• larrycuban

      Thank you, Daniel, for the information about multiple positions in adoption and use insofar as the hype cycle is concerned in UK, especially the VLEs. As I recall, interactive white boards caught hold in UK before the US; I wonder where they are on the cycle not on adoption but in use. Are there UK researchers who go into schools and watch what teachers do in classes with these IWBs and report on use?

  20. Joe, I have not dismissed your academic research and books..although I think you know a lot more about Shakespeare,Miltonn and Donne than you do about ICT!

  21. I’m surprised that no one commented on the mis-match here of the hype-cycle and the logistic curve (diffusion of innovation).

    I recognized the hype-cycle from my work with Boston University’s Center for Millennial Studies, which references the ubiquity of rising millennial hopes and expectations of “sunny days,” followed by millennial disappointment. All cultures, all sectors catch millennial fever, one way of another. I’m reminded of Horace Mann, “Schools will be found to be the way God has chosen for the reformation of the world.” (Letter to Rev. Samuel May)

    But the logistic growth curve, used here to depict the diffusion of innovation, or the growth of a population without predators, points in an entirely different direction — the upward trend of unbounded growth.

    That these two mathematical models are awkwardly yoked together to make a point (which eludes me) and disguises the fact that they are contradictory. Can someone please explain? The former seems more closely related to unstable cusp catastrophe manifolds (see link).

    • larrycuban

      The best that I can do, Glen, is to say that there are distinctions between adoption (Rogers “S curve”) and use of technology in organizations. Further, the Gartner hype cycle follows media talk about the new technology and neither documents adoption nor use. It records what people say about the new technology without determining whether those doing the talking were adopters (early or late on the Rogers’ curve) or actual users. So the cycles overlap, at best, but get at different aspects of technological change and disappointment.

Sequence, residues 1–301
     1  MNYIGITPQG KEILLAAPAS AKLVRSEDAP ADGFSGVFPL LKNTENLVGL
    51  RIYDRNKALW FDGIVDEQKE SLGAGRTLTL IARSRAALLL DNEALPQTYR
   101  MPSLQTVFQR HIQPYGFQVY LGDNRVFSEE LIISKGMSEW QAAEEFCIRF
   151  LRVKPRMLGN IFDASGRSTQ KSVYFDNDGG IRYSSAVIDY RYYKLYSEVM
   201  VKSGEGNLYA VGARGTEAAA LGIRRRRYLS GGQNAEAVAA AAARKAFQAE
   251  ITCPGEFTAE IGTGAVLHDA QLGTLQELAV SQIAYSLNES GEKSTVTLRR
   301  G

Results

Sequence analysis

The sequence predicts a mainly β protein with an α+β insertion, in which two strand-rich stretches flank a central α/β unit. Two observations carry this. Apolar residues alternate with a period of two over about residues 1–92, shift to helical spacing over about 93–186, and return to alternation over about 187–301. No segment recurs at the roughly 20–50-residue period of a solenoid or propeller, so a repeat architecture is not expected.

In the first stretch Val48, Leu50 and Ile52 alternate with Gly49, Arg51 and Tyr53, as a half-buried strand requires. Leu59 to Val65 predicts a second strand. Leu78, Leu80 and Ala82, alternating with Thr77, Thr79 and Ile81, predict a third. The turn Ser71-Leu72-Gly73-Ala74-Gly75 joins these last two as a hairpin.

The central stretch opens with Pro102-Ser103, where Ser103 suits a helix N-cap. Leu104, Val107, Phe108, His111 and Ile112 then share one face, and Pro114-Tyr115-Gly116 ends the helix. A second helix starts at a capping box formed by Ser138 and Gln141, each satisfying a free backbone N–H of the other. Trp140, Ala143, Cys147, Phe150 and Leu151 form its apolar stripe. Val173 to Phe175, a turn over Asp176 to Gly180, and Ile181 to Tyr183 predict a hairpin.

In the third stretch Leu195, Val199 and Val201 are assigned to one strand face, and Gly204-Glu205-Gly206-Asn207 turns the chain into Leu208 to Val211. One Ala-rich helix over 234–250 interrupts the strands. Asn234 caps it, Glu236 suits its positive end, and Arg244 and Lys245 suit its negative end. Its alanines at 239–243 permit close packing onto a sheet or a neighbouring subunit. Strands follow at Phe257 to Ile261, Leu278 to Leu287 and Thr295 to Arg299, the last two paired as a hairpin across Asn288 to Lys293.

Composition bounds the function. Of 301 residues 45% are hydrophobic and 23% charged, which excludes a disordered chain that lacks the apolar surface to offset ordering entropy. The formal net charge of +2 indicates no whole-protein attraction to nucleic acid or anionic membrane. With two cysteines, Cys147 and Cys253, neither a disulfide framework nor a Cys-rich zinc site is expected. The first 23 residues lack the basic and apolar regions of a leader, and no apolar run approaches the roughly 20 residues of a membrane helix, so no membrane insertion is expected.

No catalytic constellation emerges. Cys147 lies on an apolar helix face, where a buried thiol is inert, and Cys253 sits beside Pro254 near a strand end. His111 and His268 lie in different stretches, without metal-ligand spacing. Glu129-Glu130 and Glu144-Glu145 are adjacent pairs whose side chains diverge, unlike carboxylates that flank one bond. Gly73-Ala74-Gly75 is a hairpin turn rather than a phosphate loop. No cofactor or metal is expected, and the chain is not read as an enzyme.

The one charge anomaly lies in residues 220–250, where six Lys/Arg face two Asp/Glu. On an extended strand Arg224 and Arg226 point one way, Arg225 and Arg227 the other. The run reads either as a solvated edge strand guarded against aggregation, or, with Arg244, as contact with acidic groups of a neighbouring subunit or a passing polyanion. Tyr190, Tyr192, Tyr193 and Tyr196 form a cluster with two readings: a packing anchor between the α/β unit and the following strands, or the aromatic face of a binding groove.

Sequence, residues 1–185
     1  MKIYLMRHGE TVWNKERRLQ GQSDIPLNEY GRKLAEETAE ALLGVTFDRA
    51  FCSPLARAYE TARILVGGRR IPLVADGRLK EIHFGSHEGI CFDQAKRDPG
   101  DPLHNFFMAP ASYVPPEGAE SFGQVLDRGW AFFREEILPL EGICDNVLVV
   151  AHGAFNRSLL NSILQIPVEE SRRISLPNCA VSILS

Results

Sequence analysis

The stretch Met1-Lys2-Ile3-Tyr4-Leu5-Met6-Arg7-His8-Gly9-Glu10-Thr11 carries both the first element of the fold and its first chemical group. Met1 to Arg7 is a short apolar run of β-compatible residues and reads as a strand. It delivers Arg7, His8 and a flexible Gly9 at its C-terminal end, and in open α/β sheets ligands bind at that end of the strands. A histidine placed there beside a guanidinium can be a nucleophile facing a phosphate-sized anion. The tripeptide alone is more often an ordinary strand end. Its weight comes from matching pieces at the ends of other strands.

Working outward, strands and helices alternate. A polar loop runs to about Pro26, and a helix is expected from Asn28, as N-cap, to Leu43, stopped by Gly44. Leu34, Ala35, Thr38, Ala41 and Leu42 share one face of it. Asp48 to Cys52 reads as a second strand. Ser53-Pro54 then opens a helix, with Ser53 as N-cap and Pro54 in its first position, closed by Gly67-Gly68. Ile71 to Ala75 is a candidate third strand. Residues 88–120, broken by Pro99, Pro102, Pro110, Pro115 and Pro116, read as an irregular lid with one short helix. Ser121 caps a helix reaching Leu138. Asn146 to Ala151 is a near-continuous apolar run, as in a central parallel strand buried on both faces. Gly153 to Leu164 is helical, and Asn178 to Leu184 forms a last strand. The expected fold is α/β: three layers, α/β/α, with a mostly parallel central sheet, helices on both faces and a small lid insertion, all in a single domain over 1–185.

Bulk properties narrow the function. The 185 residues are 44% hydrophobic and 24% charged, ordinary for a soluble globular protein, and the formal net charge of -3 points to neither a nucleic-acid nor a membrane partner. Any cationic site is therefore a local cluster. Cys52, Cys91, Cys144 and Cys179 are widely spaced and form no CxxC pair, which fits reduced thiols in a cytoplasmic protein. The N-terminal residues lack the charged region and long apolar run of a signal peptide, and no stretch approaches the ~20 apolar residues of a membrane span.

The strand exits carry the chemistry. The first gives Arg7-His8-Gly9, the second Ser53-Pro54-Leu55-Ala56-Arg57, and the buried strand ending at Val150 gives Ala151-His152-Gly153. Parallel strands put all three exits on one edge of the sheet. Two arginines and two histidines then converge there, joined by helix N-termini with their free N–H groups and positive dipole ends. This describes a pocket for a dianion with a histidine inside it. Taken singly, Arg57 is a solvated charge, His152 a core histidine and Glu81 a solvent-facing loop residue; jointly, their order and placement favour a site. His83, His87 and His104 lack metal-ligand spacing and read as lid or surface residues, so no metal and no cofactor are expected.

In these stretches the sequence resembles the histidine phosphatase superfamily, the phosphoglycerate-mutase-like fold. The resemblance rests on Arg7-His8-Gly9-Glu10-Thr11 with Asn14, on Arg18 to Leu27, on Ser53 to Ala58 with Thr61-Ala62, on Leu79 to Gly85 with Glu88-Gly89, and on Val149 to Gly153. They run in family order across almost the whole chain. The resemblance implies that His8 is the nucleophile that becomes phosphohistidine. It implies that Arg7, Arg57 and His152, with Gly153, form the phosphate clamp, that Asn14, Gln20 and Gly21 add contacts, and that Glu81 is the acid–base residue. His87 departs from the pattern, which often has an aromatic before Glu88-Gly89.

22. I think online learning in both K-12 and college have now reached a tipping point – we are only moving forward with online learning despite the various barriers and policy issues that need to be overcome. I also think it is important that we separately discuss online learning in colleges and K-12 schools. (You lumped the University of Phoenix and K-12 Inc in the same sentence in your post which can be confusing for those just beginning this journey to understand online learning). I think history has shown that college and K-12 are different and rightfully so, should be treated separately in the narratives about online learning. I think college online learning is in the “Slope of Enlightenment” while K-12 online learning is in the “Peak of Inflated Expectations.”

    • larrycuban

      You are correct, Rob, I mushed together online learning at K-12 and higher education. They are best separated. I should point out, however, that the recent survey of online learning research (Evaluation of Evidence-Based Practices in
      Online Learning: A Meta-Analysis and Review of Online Learning Studies, U.S. Department of Education,2009) cites mostly higher education studies and yet K-12 advocates often turn to this meta-analysis for support. Nonetheless, your point about distinguishing between the two is one I need to make. Thanks.

    • larrycuban

      Thanks, Bob, for sending along the new online courses survey done by the U.S. Department of Education. The increases reported in rural areas hit hard by budget cuts has less to do with hype and more to do with desperation.

  23. Pingback: Online Schools is at the “peak of inflated expectations” – Larry Cuban « Shameem’s TBTE415 Blog

  24. Pingback: Online Schools is at the “peak of inflated expectations” – Larry Cuban « Learning Options

  25. Pingback: Online Schools and the Hype Cycle | Larry Cuban | Formation en ligne et à distance |